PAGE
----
Martha’s Vineyard faces traffic officer shortage

As tourists on the Island increase, police departments try to recruit seasonal traffic officers.

A traffic officer guiding the vehicles coming off the ferry in Vineyard Haven. -Eunki Seonwoo

During the summer months, Martha’s Vineyard’s tourism season brings with it a large increase in traffic and people. According to the Martha’s Vineyard Chamber of Commerce, the Island has a year-round population of 17,000 that can swell up to 200,000 people during the summer. While this is a boon for Island businesses, both they and some police departments are looking to recruit help for the summer season. This year, the Island faces a shortage of traffic officers as summer residents and tourists return. 

Traffic officers walk on the Island’s busiest streets keeping vehicles flowing and enforcing parking restrictions. They also spend some time answering the questions of Island tourists.

Edgartown Police Chief Bruce McNamee told The Times he is in need of more people to be summer traffic officers. Normally, there would be nine traffic officers working in Edgartown. This year, only five have been hired so far.

McNamee said his department is feeling similar staffing shortages Island businesses are dealing with this season. His department has already rerun advertisements for traffic officers to find recruits.

The summer traffic officers are usually young people, high school to college students, who have an interest in a law enforcement career. “I hope it’s a housing thing rather than a lack of interest,” said McNamee about the traffic officer shortage. 

The Edgartown Police Department also held mountain bicycle training for Island police officers recently, which McNamee said will be beneficial in supporting the smaller number of traffic officers, since cyclist officers can cover more ground on patrols on the bustling Edgartown streets. 

Edgartown isn’t the only town with this issue. Other Island police departments are also facing a traffic officer shortage this year. Specifically, Tisbury and Oak Bluffs also have similar problems. Aquinnah is in the middle of hiring personnel. Chilmark and West Tisbury are not dealing with the same staffing issues.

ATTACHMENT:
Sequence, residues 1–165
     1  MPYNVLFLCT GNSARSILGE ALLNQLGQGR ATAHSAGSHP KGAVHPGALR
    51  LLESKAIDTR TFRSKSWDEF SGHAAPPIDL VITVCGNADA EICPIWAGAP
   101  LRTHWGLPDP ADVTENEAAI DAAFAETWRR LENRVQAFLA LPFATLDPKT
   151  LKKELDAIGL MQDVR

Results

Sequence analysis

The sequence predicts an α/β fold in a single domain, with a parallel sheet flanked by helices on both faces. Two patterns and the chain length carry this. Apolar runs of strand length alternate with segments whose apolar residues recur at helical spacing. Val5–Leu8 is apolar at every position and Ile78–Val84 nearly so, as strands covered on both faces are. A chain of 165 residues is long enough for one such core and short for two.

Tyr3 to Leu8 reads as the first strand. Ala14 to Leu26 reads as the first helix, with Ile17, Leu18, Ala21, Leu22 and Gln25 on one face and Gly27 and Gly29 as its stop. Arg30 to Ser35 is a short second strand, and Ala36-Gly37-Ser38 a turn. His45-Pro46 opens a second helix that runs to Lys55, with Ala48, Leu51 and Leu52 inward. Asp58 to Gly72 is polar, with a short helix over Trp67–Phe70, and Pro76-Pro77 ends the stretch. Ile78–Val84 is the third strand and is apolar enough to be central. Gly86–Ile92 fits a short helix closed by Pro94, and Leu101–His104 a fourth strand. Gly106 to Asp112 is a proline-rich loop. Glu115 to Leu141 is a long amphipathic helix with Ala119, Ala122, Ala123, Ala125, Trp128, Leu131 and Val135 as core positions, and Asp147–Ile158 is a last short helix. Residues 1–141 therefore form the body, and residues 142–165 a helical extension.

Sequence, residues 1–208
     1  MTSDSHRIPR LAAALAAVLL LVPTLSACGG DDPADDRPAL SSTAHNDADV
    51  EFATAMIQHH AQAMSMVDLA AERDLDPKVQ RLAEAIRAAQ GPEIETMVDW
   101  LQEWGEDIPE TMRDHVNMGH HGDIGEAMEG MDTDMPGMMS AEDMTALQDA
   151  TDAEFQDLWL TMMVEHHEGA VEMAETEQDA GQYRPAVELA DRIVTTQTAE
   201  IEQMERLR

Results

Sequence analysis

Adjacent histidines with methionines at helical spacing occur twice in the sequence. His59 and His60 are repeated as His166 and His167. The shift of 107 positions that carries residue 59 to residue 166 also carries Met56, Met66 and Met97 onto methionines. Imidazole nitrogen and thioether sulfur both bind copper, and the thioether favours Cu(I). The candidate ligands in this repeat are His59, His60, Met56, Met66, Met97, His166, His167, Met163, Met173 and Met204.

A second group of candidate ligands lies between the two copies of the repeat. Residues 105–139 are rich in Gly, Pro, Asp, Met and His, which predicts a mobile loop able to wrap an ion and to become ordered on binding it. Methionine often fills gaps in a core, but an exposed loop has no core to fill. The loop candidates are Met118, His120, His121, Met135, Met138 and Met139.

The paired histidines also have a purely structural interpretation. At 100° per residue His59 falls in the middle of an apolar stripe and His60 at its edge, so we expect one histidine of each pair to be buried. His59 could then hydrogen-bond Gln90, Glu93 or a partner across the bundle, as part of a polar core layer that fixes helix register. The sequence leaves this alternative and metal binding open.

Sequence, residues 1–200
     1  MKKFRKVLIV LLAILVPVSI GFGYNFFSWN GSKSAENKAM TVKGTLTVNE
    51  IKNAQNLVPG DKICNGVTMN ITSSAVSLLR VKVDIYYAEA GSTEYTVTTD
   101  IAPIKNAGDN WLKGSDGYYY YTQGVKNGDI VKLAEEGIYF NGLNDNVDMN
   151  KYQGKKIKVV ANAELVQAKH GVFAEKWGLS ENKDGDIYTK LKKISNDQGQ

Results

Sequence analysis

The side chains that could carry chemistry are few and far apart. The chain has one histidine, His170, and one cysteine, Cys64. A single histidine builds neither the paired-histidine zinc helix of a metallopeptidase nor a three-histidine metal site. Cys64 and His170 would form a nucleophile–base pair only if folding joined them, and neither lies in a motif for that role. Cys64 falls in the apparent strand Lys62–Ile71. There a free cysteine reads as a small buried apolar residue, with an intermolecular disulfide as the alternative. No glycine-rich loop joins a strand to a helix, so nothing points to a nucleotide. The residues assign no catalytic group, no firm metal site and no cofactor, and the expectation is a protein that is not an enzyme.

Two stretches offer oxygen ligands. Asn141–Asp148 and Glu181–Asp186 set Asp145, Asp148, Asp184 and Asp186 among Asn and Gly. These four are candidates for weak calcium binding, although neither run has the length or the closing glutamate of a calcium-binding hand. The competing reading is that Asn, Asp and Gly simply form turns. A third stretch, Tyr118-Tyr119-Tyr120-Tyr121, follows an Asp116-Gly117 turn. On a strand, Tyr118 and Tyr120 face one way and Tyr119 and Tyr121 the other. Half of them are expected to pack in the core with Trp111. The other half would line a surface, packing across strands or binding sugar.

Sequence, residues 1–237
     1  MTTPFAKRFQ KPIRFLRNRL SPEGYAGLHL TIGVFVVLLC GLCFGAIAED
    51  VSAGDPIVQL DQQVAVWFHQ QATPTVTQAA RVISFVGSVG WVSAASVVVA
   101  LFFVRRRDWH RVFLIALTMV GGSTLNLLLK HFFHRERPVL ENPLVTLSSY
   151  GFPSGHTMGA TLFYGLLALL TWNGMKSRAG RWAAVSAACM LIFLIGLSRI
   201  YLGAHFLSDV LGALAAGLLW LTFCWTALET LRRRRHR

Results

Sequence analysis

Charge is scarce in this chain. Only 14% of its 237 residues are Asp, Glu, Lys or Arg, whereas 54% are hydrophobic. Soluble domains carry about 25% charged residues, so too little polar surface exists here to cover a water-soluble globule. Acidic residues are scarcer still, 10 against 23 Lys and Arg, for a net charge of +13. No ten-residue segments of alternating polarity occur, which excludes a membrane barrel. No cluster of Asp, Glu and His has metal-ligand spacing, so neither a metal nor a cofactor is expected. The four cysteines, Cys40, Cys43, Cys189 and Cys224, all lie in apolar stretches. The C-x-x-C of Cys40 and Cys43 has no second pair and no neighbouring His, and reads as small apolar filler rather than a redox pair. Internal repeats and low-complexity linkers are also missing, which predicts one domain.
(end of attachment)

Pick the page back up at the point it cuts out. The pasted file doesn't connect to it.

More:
Tisbury Police Chief Mark Saloio said his department could use one or two more traffic officers. Saloio said this year saw a lower number of traffic officer applicants compared with other summers. His department hired five traffic officers, but only four are working because one of the officers has been activated for 90 days by her National Guard unit. Saloio said that normally seven traffic officers are hired for the summer. “We don’t have the resources we usually do,” said Saloio. 

In an email, Aquinnah Police Chief Randhi Belain said his department doesn’t employ traffic officers. Instead, summer special officers are hired who completed the Municipal Police Training Committee’s (MPTC) Basic Reserve Intermittent Police Officers Class. Belain said he hires these officers since they can do certain tasks traffic officers cannot, “such as answering calls for service and making motor vehicle stops, just to name a couple of these tasks.” Belain said his department is in the process of interviewing applicants, but in previous years they usually have double the candidates. 

Belain said there could be different reasons for the reduced number of applicants, listing “housing and applicants not having completed the prerequisite training that’s required” as being possibilities. He said the MPTC Basic Reserve Intermittent Police Officers Class “isn’t easy to obtain,” and requires 375 hours to complete. Belain used to coordinate this course on-Island, but he said the Police Reform Law passed in Massachusetts requires those interested in becoming police officers to complete the MPTC Basic Recruit class, which takes 700 hours to complete. Belain said this change may lead to the hiring of traffic officers in future Aquinnah Police Department summer hirings. 

In Oak Bluffs, Chief Erik Blake said he made a realization of a need for more traffic officers in a conversation with Chief McNamee. He said they thought, “Wait a minute. The season is rolling in, but we don’t have that many traffic officers.” 

The Oak Bluffs Police Department calls its traffic officers community service officers (CSOs). Blake said that in 2020 not as many CSOs were hired because of COVID, so the officers were made into COVID ambassadors to spread awareness in the community. However, not enough CSOs could be hired this year, and some of the special officers would need to conduct CSO duties. 

Oak Bluffs has hired only about a quarter of the CSOs it typically has on board. The department has hired four, but typically has as many as 12. Blake said some of the potential hires are going to other jobs. His own son works in a restaurant, and makes more money than what can be offered through the department as a CSO. 

According to Blake, the shortage of officers is a nationwide problem. He said that the Island’s police departments will need to take a “broader view” in their CSO and traffic officer recruitment efforts. 

Blake hopes the public will be understanding of the situation. “Have patience with us. We are doing our best,” said Blake.

Blake believes despite difficulties from the staffing shortage, “this will be a good summer.”